The Middle Series
This is the second of three major categories for late sixties Les Pauls. As we progress through these three sections, the construction of the guitars will get further and further away from the 1950's style (and will decrease in value). It is important to remember to make up ones own mind about the merits or pitfalls of these changes. A guitar from any one of these sections could easily be perfect for you. Also, unofficial production numbers from this era indicate that production increases as we progress. This implies that each succeeding era becomes more common.
The Middle Series are great compromises between price and construction. They are increasingly collectable and have always been undeniably playable. Their bodies are exclusively early 69 design, 1-pc construction. The necks are 3-pc construction throughout. Although they lack long tenon construction, the Standards gain "Mini-Humbuckers" early in the run. These pickups are well regarded by players. One source informed me that their 845xxx GT cost them $348 back in 1969. This is the era that Gibson chose to base their "1969 Les Paul Deluxe" reissues on. They are covered in the "Current Reissues" section. Note the reissues aren't very accurate for whatever that's worth. :)
Think of 'The Who', and you'll think of the Deluxe sound.
Concerning Standard models only, Mini-Humbucker pickups enter early in the run. They have cream rings and have typical late 60's "Patent Stickers" on their bottoms. The rumour is that these were initially leftover Epiphone parts, but I don't know if there is anyway to prove that one way or the other.
Honduran Mahogany as stated in the flyer released in 1968. Maple top. Three-piece mahogany neck (with two little seperate wings to form the holly shaped headstock) throughout this category. Although it is unclear when the center seamed maple top disappears in the category, it is certain that it does. Let it be noted that many, if not nearly all 50's Goldtops had non-center seamed tops. The very first parts of the run have the early 1969 style bodies. This includes the route for receiving a long tenon. This is most certainly exhibited on the last of the 5xx,xxx series (565xxx & the rare 600xxx). Eventually, the route was modified to barely extend into the pickup cavity. (AKA, not under the pickup's center like before.) This shorter route probably comes into the neck cavity by about a quarter inch whereas the long tenon route was about 3/4 of an inch. Although the tenon route is changed, the remaining features are identical to early 69 bodies. In essence, they are still pre-genuine-pancake bodies.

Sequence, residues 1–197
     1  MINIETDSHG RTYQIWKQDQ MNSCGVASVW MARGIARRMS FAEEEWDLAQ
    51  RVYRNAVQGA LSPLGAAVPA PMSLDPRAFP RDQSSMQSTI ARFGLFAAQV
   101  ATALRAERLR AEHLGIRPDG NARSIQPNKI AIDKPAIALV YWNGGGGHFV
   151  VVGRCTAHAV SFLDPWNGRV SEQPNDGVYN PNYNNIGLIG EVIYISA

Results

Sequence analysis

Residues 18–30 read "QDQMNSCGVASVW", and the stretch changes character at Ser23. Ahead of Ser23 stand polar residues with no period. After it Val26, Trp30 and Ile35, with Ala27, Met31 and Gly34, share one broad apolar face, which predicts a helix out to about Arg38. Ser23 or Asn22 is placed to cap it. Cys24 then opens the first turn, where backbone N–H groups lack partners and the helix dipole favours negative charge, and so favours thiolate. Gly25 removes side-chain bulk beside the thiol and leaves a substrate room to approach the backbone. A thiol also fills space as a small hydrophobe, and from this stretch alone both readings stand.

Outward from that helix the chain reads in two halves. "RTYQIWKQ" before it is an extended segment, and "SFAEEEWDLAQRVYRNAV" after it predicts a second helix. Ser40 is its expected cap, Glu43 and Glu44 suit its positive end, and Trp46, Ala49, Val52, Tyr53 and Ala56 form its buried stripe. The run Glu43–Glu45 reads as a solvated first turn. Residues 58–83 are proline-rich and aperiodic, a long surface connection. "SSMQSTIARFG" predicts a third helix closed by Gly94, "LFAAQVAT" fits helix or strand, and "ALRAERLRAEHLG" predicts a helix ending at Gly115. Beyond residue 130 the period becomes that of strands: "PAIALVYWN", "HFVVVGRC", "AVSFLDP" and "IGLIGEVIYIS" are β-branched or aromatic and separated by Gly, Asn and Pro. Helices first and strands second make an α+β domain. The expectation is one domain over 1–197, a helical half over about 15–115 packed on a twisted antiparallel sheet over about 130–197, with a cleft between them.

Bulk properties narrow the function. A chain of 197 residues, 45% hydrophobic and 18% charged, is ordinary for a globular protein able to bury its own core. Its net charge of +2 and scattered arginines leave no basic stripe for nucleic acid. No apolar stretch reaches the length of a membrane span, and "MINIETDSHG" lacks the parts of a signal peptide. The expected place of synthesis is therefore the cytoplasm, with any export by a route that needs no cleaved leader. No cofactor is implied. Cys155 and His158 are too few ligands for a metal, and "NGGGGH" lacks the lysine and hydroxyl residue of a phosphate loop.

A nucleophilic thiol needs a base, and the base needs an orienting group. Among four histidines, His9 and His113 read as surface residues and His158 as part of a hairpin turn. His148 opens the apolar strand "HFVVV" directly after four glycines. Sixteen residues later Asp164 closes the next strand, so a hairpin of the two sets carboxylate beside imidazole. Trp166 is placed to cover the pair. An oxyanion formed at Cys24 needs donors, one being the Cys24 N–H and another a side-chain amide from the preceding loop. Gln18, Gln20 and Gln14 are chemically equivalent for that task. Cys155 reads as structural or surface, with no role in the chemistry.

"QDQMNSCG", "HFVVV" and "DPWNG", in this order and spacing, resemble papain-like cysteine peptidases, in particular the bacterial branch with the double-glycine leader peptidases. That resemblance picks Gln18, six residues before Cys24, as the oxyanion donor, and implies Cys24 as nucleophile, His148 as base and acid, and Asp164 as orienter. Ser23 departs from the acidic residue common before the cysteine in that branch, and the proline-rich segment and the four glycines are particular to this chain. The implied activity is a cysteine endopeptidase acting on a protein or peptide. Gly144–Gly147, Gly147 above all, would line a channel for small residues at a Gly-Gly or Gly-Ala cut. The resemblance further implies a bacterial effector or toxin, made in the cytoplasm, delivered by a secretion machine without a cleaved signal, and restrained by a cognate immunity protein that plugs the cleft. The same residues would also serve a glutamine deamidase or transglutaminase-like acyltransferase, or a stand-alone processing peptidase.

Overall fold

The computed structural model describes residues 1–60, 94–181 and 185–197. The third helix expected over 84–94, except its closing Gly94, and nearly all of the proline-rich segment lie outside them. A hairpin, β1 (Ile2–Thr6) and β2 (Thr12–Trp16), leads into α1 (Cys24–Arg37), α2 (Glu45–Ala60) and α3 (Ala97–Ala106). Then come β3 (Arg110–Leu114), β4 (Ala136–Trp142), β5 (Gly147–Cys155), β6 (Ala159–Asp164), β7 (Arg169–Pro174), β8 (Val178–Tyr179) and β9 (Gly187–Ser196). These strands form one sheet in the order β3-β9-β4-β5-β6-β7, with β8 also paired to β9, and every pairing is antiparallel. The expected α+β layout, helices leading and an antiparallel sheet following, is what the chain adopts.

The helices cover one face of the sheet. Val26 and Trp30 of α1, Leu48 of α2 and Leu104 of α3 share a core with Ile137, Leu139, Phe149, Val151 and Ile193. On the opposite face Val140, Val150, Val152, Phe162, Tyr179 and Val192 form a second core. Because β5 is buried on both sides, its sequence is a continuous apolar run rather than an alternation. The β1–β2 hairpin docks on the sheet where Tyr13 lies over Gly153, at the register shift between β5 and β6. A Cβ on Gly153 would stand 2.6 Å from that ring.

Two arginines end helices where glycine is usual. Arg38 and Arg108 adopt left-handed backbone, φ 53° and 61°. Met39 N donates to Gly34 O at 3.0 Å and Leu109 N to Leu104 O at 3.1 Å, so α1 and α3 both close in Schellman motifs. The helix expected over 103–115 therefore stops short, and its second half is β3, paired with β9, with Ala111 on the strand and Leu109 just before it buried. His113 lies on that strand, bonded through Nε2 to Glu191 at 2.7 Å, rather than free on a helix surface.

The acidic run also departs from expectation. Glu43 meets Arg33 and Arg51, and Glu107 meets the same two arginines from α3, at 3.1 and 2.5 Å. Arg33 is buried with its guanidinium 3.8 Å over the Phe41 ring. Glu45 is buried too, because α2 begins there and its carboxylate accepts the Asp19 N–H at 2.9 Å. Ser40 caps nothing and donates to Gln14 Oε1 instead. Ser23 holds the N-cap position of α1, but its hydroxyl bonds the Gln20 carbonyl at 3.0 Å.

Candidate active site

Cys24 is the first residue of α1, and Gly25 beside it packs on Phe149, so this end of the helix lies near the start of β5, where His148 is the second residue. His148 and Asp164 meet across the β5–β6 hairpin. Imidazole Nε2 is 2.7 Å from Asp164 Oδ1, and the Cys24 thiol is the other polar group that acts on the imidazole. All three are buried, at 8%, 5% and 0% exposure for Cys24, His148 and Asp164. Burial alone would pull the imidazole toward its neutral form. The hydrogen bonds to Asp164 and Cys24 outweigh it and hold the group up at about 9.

These guitars exclusively have a transitional tenon neck joint. These are flat bottomed like long tenons, just not as long. NOTE: A very small number of Middle Series guitars shipped with a long tenon body and a transitional tenon neck. This occurred ONLY in the 565xxx and the rare 600xxx serial range. Although absent on LP Customs (for obvious reasons), LP Deluxes have a block of wood crudely glued in to fill this gap. The block allows the mounting bar for the mini-humbuckers to be installed. Be careful to make sure what you are buying. This block is occasionally glued in with care and can appear to be a long tenon.
Note about this image: This is a photoshop hack job of an Historic Series Gibson that was cut in half. It is just for educational purposes and not precisely similar to the actual neck joints. Thanks.